Michal Kwiatkowski's Paris-Roubaix Pinarello Dogma F

Paris-Roubaix has historically been one of the greatest showcases of cycling tech of the season, where brands unveil new endurance road bikes and often altogether new bike tech innovation to combat the severity of the cobbled sectors of the race.

Despite brands unveiling ever-more comfort-orientated bikes over the last few decades, more and more teams are opting for mildly adapted aero-focused race bikes. Ineos-Grenadiers, in a sign of how one bike can perhaps handle all conditions.

Where in some previous years, the team used cobble-adapted bikes such as the Dogma K8-S (containing a tiny rear-suspension system in the frame) this year Ineos has brought its top-tier aerodynamic-focussed Pinarello Dogma F to the race to be used by riders such as Michał Kwiatkowski and Filippo Ganna.

Despite the aero credentials, Kwiatkowski’s Dogma F reveals some interesting trends in cobbled tech setups. 

Most obviously, Ineos has committed to a tubeless tyre setup across the fleet, siding for tan wall Continental GP5000 S TR tyres. The riders have opted for 30mm tyres, with Ineos team mechanics explaining to Cyclingnews that they would be setting the tyre pressure between 3.6 and 5.5 bar (52-80psi).

A close up of the tyre sidewall on Michal Kwiatkowski's Pinarello Dogma F

(Image credit: Peter Stuart)

Tubeless may already seem commonplace in the Classics, but last year was the first time most teams used the technology at Paris-Roubaix, having historically sided for more specialist solutions such as bespoke silk wall tubular tyres.

For Team DSM, the inception of tubeless tech has opened the door to experimenting with in-race pressure management systems. We eagerly await the first ever use of this tech in racing at the weekend.

Cobble-specific tech

The Paris-Roubaix setup was markedly similar to Ineos’ normal rig, but a close look revealed a few subtle changes. Beyond the obvious tyre choice, we see a larger set of chainrings - with 54-40 teeth for large and small rings.

We suspect that’s partly because of Paris-Roubaix’s relatively flat nature, but it also means that the riders are likely to have a straighter chainline on the cobbles and so reduce chance of chain drop.

Chain drops have been a bugbear so far this season, with many pinning down the cause to a mix of new and older generation Shimano Dura-Ace amongst teams. While Kwiatkowski’s Dogma features complete 9200 Dura-Ace - including a Shimano power meter - supply issues have meant that some riders have to settle for older components.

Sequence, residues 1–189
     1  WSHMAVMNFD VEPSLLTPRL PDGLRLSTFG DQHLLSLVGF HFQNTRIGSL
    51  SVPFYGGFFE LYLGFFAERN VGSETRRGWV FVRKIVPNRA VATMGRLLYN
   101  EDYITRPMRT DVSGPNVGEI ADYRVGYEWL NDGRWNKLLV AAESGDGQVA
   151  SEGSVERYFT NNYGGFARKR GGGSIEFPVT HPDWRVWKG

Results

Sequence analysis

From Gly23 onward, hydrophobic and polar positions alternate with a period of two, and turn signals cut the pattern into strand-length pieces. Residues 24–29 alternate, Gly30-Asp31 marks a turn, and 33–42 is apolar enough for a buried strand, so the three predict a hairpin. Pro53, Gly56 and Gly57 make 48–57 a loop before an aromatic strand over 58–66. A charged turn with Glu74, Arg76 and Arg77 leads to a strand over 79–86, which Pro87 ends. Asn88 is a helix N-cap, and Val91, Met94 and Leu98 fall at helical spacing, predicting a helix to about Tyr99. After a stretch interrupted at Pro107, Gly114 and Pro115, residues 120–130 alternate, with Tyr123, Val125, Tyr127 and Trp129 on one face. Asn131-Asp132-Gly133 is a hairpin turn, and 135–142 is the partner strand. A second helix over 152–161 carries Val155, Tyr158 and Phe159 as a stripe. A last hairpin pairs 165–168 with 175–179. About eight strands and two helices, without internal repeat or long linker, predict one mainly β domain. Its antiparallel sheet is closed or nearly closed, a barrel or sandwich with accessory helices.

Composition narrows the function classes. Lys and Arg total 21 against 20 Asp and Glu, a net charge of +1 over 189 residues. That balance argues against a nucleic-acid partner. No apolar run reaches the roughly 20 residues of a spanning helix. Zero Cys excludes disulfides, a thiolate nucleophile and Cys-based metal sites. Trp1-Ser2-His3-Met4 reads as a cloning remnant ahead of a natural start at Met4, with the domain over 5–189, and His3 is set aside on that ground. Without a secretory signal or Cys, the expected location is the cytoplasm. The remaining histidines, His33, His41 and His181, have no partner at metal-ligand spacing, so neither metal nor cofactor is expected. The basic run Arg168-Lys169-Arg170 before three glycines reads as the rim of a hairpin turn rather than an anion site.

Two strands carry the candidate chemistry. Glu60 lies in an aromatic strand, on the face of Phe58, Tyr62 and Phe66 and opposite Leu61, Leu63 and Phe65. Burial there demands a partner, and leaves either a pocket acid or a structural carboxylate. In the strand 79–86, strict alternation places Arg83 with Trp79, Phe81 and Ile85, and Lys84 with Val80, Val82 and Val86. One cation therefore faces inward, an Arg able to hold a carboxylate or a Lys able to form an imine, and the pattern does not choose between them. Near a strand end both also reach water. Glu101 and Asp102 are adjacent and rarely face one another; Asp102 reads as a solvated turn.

One of Luke Rowe’s bikes, for instance, is sporting a mismatch of old and new Dura-Ace this weekend.

Luke Rowe's Pinarello Dogma F features 9100-generation Dura-ace components

(Image credit: Peter Stuart)

Beyond that, Ineos is using two layers of bar tape, and Kwiatkowski's bike has a thin layer of sandpaper on the brake lever to improve grip.

Garmin is providing bike computers, with Kwiatkowski opting for the Garmin Edge 530. An endearing nod to practicality over aesthetics is the rubber band intended to hold the race transponder - making it unlikely to bounce off during cobbled sectors.

The rear derailleur Di2 cable is also affixed to the hanger with an extra rubber band to ensure the cable doesn't bounce out of its socket on the derailleur - rendering the gears unresponsive.

A close up of the Fizik saddle on Michal Kwiatkowski's Pinarello Dogma F

(Image credit: Peter Stuart)

Kwiatkowski’s saddle also reveals some clever spec choice, siding for Fizik’s Antares R3 Versus Evo adaptive saddle. The saddle uses 3D-printed material to create a honeycomb layer offering selective cushioning that will help the impact of the cobbled sectors. Of course, given Kwiatkowski’s aggressive racing style, the stem remains predictably slammed.

Elsewhere, Roubaix is shaping up to be a fairly unique showcase of new bike tech, with Trek-Segafredo carefully concealing what appears to be a brand new Trek Domane, set to be unveiled on race day.

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Peter Stuart

Peter Stuart has been editor of Cyclingnews since March 2022, overseeing editorial output across all of Cyclingnews' digital touchpoints.

Before joining Cyclingnews, Peter was the digital editor of Rouleur magazine. Starting life as a freelance feature writer, with bylines in The Times and The Telegraph, he first entered cycling journalism in 2012, joining Cyclist magazine as staff writer. Peter has a background as an international rower, representing Great Britain at Under-23 level and at the Junior Rowing World Championships.